Mississippi Legislature Passes Nation's Strictest Abortion Ban On International Women's Day

The law would prevent women from having abortions after 15 weeks of pregnancy.

Mississippi lawmakers celebrated International Women’s Day on Thursday by passing a bill that would ban abortion at 15 weeks of pregnancy ― the strictest limit in the nation. Gov. Phil Bryant (R) has said he will sign the legislation into law.

“As I have repeatedly said, I want Mississippi to be the safest place in America for an unborn child,” Bryant tweeted. “House Bill 1510 will help us achieve that goal.”

The bill that passed in both chambers of the state legislature has no exceptions for rape and incest victims, but does exempt women whose lives are endangered by the pregnancy or whose fetuses would not survive the pregnancy. 

Abortion is already extremely difficult to access in Mississippi, which has only one clinic left. The state is already one of 17 that bans abortions at 20 weeks. Arkansas tried to ban the procedure at 12 weeks, but a federal appeals court ruled the law unconstitutional and blocked it.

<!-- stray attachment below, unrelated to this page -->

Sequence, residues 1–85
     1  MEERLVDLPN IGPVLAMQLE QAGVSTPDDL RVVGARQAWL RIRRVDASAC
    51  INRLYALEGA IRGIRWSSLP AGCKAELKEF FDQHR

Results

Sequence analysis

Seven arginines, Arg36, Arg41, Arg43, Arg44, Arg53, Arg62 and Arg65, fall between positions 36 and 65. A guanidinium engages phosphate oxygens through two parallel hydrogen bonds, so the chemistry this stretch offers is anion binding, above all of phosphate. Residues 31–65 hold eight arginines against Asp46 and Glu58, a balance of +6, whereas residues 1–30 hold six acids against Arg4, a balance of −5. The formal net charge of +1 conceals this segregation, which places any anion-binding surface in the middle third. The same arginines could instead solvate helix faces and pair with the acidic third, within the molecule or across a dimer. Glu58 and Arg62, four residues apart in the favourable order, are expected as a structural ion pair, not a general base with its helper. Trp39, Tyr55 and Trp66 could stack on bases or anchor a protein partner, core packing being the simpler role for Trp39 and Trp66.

Reproductive rights advocates have argued that the 20-week ban is unconstitutional, because the Supreme Court ruled in Roe v. Wade that a state cannot impose an undue burden on a woman’s ability to have an abortion until the fetus would be able to survive outside the womb. Doctors set viability at about 22-24 weeks. 

The Center for Reproductive Rights has said it will sue Mississippi once the governor signs the bill into law. The civil rights group argues women have the right to end their pregnancies safely and legally. 

“Mississippi politicians’ flagrant assault on reproductive rights will not go unchallenged,” said Lourdes Rivera, a spokesperson for the center. “The true motive of these politicians is to shut down the state’s sole remaining abortion clinic and deny Mississippi women the ability to make decisions about their health, families and lives and to access quality, compassionate abortion services that they need.”